As for "Depth of Argument," most students showed minimal proficiency in sustaining an extended, research-driven thesis, with a quarter of papers rated as unsatisfactory in this area. An important contributing issue was identified through qualitative discussions: when students argued for or against a particular public policy, they did not ground their analyses enough in economic theories that they should have learned or be learning in their economics courses. The original expectation for the one-credit W course was that students would transfer what they had learned in other economics courses to their W papers, but that generally did not happen. Most students did not seem to perceive this course as an extension of earlier courses. In future iterations of the W course, the Economics team recommended, instructors might coach students more explicitly on how to bring specific theories learned in other economics courses to bear on their arguments; the assignment could even require that one section of the paper name and discuss which particular economic theory or theories would serve as the foundation for the paper's argument.
Where students seemed to use sources best was at the front end of the paper to set up the background for the thesis, but overall source use was a relative weakness, and one third of the cohort scored unsatisfactory in this area. The low scores on this subskill were due both to the kinds of sources students selected and to how they brought them to bear on their arguments. While students in the other three one-credit W departments relied almost exclusively on peer reviewed journal articles, economics majors drew more popular press sources, as well as on journal articles outside economics (healthcare, human rights, political science). This habit contributed to the phenomenon discussed in the "Depth of Argument" paragraph above: too often the sources, while trafficking in economic issues, where outside the mainstream of the discipline. A related issue was that students often failed to consider the essential economic thinkers on their respective topics. These patterns in source use were largely confirmed when doctoral students did deep audits of seven randomly selected papers. Of those, one was found to have used sources impressively and one showed evidence of serious plagiarism, but the other five hovered in the low-middle range, achieving minimal proficiency in source use.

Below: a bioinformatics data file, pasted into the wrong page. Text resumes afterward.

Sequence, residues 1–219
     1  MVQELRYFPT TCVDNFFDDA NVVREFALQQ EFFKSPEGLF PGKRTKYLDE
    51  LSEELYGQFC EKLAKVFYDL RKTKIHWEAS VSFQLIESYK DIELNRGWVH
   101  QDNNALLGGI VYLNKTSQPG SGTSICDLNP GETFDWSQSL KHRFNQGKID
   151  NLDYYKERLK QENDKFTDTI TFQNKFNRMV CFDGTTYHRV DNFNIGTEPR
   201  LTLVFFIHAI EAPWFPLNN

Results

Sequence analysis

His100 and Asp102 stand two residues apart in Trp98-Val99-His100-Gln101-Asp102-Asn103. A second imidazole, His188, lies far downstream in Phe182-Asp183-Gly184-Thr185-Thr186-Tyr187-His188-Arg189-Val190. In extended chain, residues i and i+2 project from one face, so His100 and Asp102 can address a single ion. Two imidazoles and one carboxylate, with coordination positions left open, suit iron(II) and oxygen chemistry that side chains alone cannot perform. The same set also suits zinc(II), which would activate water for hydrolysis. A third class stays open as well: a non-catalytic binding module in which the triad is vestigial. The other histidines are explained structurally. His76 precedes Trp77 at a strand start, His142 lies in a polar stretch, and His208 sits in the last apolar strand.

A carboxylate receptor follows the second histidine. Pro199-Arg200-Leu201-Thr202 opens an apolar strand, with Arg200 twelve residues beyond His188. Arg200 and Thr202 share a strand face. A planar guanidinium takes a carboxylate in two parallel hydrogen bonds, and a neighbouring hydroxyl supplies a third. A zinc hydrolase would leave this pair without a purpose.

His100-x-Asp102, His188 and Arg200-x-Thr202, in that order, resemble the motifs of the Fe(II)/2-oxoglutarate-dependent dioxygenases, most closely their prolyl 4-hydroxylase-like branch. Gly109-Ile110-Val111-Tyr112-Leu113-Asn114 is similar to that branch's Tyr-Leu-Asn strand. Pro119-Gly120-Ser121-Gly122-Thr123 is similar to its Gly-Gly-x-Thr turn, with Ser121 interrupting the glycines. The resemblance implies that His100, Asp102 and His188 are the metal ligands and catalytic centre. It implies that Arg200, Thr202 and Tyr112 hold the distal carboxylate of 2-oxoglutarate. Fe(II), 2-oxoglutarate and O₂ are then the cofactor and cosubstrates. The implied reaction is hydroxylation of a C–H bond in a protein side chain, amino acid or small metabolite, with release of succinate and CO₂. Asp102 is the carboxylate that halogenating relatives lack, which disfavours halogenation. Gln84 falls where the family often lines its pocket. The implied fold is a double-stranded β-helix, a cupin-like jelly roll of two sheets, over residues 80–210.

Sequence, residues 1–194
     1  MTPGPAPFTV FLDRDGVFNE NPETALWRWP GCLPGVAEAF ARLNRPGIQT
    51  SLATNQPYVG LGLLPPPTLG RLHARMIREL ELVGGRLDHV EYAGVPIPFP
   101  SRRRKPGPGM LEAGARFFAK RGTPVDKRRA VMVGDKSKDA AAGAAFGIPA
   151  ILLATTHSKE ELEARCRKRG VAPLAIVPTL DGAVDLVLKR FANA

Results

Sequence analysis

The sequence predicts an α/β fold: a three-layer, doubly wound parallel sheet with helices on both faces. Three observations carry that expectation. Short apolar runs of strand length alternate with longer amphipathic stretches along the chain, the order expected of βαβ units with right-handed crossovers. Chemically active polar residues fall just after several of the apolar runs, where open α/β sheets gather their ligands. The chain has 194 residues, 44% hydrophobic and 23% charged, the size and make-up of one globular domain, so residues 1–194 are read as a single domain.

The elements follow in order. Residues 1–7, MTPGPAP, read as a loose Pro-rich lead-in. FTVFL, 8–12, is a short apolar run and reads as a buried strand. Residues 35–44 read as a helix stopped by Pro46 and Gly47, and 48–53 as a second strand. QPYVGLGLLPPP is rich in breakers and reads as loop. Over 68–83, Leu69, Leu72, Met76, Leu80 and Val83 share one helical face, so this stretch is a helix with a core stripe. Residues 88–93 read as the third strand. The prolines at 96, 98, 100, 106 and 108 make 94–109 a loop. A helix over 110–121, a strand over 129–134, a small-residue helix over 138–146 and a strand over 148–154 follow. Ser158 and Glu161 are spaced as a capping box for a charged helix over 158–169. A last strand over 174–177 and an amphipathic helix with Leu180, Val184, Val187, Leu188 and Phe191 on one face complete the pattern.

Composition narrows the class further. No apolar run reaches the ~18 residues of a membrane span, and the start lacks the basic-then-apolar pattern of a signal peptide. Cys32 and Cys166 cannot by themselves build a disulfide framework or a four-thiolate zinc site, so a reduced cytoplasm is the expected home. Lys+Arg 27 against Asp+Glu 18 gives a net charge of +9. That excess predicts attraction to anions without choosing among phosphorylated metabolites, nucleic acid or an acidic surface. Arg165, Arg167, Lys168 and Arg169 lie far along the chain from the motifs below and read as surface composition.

When Nutritional Sciences moved to a one-credit W requirement, it followed the model of Animal Science by offering a one-credit W tightly integrated with a companion three-credit course. All sections assign the same genre: a literature review on a topic of the student's choice (but within the scope of the course content) that required at least ten sources. Students were charged with finding, summarizing, and synthesizing multiple sources to discover the research consensus on their topic. The assignment engages majors with published research in ways that would prepare them for graduate study or professional life. The department saw the W and its companion course as a capstone experience.
We collected 37 final papers from three sections. On eight of ten rubric items—including the holistic score—median scores for literature reviews evinced moderate proficiency for advanced undergraduate writing in the major. The subskill scores suggested that students were doing fairly well across the board.
Students performed particularly well in "Use of Sources" and "References." This was affirmed in our broader discussion of the papers—most agreed that Nutritional Sciences students were performing up to or beyond expectations in identifying relevant topics, using appropriate databases, selecting good sources (thirteen per paper, on average), reading their sources all the way through (not just relying on the abstract), using sources purposefully, and articulating the aim of the paper.
The high mean for "References" affirmed that students documented their sources according to disciplinary conventions. However, when doctoral students conducted extensive deep audits of eight randomly selected papers, the impressive rubric scores on Use of Sources turned out to mask some problems. Of the eight papers source-checked, two included occasions of gross plagiarism and five featured one or a combination of transgressions that could technically be defined as plagiarism but that were judged as unknowing, unintentional or careless source misuse (most common for Nutritional Sciences was copying relatively short passages from articles without attribution). After performing the deep audits, doctoral students scored two of eight papers as "poor" in source use; however, these same papers scored "moderately proficient" on source use during the initial rubric scoring. As one scorer reflected, "Some of the papers that were most impressive on the surface turned out to be using sources badly, and some of the papers that not polished on writing turned out to be using sources most honestly." Nutritional Sciences majors were performing well in finding and selecting appropriate sources; they also seemed to know the basic purpose and expectations for the literature review genre. But when the Nutritional Sciences team looked more closely at how students translated their sources into a review, they saw them falling short of intellectual and ethical expectations for advanced undergraduates. Despite delivering relatively refined prose, too many were fudging sources in ways that could get them into trouble in graduate studies or professional life. One curricular response they suggested would be to send a "quality over quantity" message by revising the assignment to require fewer sources, which would allow faculty more time to teach students how to use sources more responsibly.